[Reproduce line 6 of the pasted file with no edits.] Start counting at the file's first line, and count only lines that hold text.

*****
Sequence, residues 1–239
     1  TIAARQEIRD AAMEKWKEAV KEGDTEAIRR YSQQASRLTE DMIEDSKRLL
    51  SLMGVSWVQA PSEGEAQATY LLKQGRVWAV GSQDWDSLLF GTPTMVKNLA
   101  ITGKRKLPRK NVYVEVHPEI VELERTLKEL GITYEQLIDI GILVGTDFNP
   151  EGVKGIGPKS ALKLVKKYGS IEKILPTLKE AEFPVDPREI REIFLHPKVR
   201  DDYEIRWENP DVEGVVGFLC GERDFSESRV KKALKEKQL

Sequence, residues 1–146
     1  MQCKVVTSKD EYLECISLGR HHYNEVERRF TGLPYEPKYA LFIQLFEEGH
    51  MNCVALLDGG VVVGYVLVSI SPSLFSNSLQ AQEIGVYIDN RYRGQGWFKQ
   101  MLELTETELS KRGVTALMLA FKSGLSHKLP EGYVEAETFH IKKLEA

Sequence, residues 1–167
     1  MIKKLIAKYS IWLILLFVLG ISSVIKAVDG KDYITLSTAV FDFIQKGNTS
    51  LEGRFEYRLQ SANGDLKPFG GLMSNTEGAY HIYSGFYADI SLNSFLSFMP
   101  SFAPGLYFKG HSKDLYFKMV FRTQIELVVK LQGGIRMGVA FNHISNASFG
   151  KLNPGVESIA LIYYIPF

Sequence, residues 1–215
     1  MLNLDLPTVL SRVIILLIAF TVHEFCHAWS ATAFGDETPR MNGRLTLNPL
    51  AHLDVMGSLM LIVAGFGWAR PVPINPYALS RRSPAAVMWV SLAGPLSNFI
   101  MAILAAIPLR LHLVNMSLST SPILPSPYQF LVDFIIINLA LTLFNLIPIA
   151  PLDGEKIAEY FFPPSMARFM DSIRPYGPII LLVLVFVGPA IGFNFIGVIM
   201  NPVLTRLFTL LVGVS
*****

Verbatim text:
   201  DDYEIRWENP DVEGVVGFLC GERDFSESRV KKALKEKQL